4. Dear Fan, let me help you correct the title to your post. "ACLU is [Left] most of the time" will render it accurate. Just google it if you doubt that I am, err, "right" about this: "By the mid-1930s, Roger Nash Baldwin had carved out a well-established reputation as America’s foremost civil libertarian. He was, at the same time, one of the nation’s leading figures in left-of-center circles. Founder and long time director of the American Civil Liberties Union, Baldwin was a firm Popular Fronter who believed that forces on the left side of the political spectrum should unite to ward off the threat posed by right-wing aggressors and to advance progressive causes. Baldwin’s expansive civil liberties perspective, coupled with his determined belief in the need for sweeping socioeconomic change, sometimes resulted in contradictory and controversial pronouncements. That made him something of a lightning rod for those who painted the ACLU with a red brush." http://www.harvardsquarelibrary.org/biographies/roger-baldwin-2/ "[George Soros underwrites the ACLU' which It supports open borders, has rushed to the defense of suspected terrorists and their abettors, and appointed former New Left terrorist Bernardine Dohrn to its Advisory Board." http://www.discoverthenetworks.org/viewSubCategory.asp?id=1237 "The creation of non-profit law firms ushered in an era of progressive public interest firms modeled after already established like the National Association for the Advancement of Colored People ("NAACP") and the American Civil Liberties Union ("ACLU") to advance progressive causes from the environmental protection to consumer advocacy." https://en.wikipedia.org/wiki/Cause_lawyering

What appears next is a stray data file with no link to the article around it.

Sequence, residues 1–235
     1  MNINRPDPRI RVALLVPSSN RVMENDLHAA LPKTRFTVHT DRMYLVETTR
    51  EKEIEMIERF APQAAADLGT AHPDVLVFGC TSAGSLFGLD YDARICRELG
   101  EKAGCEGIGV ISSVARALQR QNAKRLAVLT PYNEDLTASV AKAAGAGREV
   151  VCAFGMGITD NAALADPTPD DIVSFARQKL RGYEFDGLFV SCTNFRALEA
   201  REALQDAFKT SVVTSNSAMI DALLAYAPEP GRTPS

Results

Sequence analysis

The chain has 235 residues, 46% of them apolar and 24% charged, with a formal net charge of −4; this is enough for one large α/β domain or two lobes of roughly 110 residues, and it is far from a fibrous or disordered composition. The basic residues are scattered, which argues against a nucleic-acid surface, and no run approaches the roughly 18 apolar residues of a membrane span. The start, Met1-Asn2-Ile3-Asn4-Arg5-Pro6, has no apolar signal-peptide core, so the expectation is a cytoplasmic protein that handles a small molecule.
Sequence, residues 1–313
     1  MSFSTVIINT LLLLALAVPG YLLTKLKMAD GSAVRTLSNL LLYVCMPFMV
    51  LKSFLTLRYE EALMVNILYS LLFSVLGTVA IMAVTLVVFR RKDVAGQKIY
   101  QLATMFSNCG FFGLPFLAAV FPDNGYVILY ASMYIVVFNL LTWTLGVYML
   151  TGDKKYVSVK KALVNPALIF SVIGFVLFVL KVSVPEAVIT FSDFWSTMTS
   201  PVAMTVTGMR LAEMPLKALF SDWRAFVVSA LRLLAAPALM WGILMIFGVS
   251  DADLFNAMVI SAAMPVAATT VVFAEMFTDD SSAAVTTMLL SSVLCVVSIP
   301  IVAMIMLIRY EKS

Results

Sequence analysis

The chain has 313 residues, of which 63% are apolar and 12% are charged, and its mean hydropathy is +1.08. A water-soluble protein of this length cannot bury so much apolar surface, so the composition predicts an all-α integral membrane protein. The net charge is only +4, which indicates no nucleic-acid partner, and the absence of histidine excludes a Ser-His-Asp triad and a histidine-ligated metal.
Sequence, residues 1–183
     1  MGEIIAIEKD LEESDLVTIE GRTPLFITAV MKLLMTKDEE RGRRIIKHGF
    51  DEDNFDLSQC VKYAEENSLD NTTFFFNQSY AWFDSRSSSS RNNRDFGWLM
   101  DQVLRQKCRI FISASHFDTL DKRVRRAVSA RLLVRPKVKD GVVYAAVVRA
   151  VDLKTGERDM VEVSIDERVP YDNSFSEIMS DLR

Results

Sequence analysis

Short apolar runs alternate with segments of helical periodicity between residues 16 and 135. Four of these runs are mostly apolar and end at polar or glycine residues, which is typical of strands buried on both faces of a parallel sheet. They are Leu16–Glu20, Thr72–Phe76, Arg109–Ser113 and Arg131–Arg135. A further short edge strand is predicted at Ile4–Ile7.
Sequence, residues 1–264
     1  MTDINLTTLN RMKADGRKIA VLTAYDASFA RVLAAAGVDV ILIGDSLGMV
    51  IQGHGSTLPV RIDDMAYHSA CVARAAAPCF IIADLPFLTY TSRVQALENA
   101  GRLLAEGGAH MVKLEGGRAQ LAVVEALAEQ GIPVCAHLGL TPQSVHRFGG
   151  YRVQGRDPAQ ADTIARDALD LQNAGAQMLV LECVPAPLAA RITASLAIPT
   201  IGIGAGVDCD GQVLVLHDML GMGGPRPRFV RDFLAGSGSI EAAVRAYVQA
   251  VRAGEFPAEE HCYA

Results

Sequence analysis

5. Mr. Foltz: Your comment that the ACLU is "one of the most wicked and evil organizations in existence today" clearly shows you have no real understanding of what the ACLU does for Americans. The fact that the state is paying out so much in legal fees to the ACLU is clear evidence the ACLU is doing something right, defending all of us from laws that are unconstitutional. The ACLU is the single largest advocacy group for the US Constitution. Every single citizen of the United States owes some level of debt to the ACLU for defending our rights.